Any preview of movies that Hollywood has slated for 2009 is going to inspire a certain sense of deja vu. And for good reason. Many of the movies in question are making a second go-round after appearing on the same lists last year.
Among other things, 2008 was the Year of the Scrapped Release Date in Hollywood. First, J.J. Abrams pushed his “Star Trek” reboot (originally scheduled for the 2008 holiday season) to summer. Then the Warner Bros. brain trust did the same with “Harry Potter and the Half-Blood Prince.” Two films that figured to play well to Oscar-season audiences, “The Road” and “The Soloist,” were similarly de-2008-ed.
So read the following, subjective list of the Top 15 Most Anticipated Movies with a grain of salt — if the past year was any indication, you could see some of them in the 2010 preview, too.
1) “Avatar”: Over a decade has passed since James Cameron made box office history with “Titanic.” What has the notorious technophile been doing in the meantime? Well, playing with submarines, mostly. But he also found time to conceive and shoot this $200 million 3-D sci-fi epic about a crippled Marine (Sam Worthington) who fights a war on a distant planet using a robotic proxy. Little else is known about the super-secretive project, but since this is Cameron’s baby, one assumes it will wail. Could we expect anything less from the king of the world?
2) “Watchmen” (March 6): Already a full-blown fanboy fetish object, this stylishly deconstructed superhero saga from director Zack Snyder (“300”) achieved widespread buzz after the first theatrical trailer hit the Internet six months ago. Now the only thing separating fans of Alan Moore’s celebrated graphic novel from a synchronous, worldwide geekasm is a royalty dispute between Warner Brothers and Fox, which some pundits fear will scuttle the early March release date. It could be this year’s “The Dark Knight.”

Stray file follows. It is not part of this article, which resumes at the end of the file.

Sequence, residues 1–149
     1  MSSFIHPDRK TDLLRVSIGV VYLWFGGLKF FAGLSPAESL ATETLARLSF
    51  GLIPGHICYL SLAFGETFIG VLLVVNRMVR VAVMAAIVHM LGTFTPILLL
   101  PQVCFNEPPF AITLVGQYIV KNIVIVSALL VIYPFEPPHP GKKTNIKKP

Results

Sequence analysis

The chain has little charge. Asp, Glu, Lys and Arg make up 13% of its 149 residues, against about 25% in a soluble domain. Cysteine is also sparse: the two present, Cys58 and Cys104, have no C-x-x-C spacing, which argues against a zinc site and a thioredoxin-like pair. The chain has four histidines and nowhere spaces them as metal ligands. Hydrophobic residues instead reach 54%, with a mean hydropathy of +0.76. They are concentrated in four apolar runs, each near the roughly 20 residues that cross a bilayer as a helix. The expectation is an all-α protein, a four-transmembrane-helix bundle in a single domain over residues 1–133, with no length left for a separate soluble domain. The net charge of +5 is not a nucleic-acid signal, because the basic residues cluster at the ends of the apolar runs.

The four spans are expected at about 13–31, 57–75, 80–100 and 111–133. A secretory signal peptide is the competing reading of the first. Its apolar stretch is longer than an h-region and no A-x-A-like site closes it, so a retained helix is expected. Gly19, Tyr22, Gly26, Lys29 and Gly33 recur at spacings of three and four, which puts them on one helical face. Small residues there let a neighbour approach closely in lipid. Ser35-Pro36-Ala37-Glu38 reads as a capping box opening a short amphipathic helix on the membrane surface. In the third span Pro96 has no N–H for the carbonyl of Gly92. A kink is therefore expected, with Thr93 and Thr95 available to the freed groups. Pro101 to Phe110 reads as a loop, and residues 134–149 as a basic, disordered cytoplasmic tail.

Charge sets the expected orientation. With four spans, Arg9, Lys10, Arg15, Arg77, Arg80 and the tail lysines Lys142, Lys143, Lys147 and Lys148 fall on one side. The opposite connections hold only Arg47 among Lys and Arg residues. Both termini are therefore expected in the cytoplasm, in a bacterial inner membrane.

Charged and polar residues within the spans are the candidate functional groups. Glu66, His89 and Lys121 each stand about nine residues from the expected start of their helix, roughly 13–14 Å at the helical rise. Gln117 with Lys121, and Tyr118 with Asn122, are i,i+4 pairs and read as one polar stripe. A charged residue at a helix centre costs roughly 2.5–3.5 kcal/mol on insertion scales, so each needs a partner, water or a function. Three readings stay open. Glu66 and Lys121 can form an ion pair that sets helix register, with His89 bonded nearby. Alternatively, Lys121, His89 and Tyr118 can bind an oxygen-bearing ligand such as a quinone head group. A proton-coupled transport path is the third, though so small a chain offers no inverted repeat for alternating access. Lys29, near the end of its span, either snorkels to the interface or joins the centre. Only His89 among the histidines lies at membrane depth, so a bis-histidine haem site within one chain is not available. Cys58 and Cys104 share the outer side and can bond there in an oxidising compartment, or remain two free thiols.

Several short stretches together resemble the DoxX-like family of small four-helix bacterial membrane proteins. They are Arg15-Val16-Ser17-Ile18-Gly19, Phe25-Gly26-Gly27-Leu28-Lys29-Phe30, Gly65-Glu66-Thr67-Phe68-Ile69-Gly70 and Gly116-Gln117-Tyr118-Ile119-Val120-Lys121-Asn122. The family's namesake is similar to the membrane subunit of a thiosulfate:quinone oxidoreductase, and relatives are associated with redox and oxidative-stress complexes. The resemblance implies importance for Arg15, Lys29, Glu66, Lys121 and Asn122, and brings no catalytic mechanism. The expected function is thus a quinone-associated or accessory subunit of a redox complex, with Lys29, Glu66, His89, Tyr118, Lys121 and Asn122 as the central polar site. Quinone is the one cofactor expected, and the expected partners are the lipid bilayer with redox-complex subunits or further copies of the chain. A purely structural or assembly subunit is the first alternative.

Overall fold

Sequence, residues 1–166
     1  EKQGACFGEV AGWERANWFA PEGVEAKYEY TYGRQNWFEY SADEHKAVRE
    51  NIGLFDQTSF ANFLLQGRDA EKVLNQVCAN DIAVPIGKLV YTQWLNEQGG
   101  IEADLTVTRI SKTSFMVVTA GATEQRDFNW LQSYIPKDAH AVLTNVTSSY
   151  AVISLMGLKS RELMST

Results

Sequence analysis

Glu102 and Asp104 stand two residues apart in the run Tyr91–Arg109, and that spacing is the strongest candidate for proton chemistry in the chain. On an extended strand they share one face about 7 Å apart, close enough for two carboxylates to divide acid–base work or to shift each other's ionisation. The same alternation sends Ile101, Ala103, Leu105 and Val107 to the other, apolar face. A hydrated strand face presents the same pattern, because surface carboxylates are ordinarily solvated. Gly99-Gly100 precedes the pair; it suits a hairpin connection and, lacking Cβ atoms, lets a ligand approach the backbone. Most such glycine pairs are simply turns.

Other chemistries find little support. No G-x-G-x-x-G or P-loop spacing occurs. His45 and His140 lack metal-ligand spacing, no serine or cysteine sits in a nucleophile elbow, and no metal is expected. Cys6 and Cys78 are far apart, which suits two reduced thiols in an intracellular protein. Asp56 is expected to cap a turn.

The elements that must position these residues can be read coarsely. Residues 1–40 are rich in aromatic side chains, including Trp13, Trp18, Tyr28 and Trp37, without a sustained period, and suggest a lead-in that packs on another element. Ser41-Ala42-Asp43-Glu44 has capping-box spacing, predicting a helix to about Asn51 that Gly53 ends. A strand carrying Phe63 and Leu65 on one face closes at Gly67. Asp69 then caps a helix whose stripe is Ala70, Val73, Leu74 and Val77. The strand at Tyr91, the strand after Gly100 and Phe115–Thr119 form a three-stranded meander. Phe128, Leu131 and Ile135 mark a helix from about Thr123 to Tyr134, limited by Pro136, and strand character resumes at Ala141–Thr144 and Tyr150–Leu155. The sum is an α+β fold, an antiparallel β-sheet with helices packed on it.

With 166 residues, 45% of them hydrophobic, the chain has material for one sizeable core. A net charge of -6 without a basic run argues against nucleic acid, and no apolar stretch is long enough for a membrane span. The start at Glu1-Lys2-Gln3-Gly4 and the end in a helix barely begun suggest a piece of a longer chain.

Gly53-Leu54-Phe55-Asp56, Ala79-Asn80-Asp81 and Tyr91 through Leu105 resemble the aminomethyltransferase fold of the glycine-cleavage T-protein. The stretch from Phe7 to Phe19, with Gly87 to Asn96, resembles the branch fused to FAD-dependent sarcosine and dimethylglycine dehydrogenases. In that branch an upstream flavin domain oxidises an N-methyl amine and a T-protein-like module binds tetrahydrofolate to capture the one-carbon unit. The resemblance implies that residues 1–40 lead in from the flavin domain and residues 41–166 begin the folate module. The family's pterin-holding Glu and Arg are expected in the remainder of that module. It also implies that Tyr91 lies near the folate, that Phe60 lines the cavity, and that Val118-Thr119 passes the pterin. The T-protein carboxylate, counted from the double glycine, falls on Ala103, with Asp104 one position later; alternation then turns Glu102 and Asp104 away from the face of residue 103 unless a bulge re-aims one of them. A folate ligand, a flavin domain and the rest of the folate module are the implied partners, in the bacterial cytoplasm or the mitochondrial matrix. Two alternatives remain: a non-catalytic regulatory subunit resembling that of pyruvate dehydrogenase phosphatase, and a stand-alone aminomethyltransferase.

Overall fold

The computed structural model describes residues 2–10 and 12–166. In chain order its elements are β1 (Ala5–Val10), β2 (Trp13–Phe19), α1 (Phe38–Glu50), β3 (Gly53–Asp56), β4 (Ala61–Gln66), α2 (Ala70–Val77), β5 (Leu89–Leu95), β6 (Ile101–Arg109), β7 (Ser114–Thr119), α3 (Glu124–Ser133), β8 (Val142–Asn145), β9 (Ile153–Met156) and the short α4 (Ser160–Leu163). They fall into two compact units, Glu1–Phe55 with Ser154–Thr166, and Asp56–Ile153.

3) “Inglourious Basterds” (Aug. 21): Quentin Tarantino filters his love of World War II caper flicks (“The Dirty Dozen,” The Great Escape”) through the exquisitely daft fiction of a Jewish-American death squad (led by Brad Pitt, naturally) who strike fear in the heart of France’s Nazi occupation. Just the thing to spruce up the late-summer movie blahs.
4) “Harry Potter and the Half-Blood Prince” (July 17): The “Potter” franchise begins the final leg of its record-breaking box office run, reuniting Harry (Daniel Radcliffe), Hermione (Emma Watson) and Ron (Rupert Grint) for their sixth year at Hogwarts. Progressively darker and more rewarding with each new movie, the “Harry” canon could peak with this installment, in which Harry learns the tragic, chilling truth about Voldemort’s origins.
5) “Public Enemies” (July 1): One would need to harbor a cold cinematic heart indeed not to be jazzed by this gangster epic from “Heat” director Michael Mann. Set during the legendary crime wave of the early 1930s, the movie stars Christian Bale as seminal lawman Melvin Purvis and Johnny Depp as his scofflaw nemesis, John Dillinger.
6) “The Road” (Spring TBA): Based on the terrifying post-apocalyptic novel by Cormac McCarthy (“No Country for Old Men”), this on-again, off-again drama from director John Hillcoat (“The Proposition”) could be the most talked-about movie of 2009 — if and when it gets released. For reasons known only to the sprites of studio distribution, it keeps missing its release dates. Viggo Mortensen plays a desperate father who guides his young son through a pitiless American wasteland.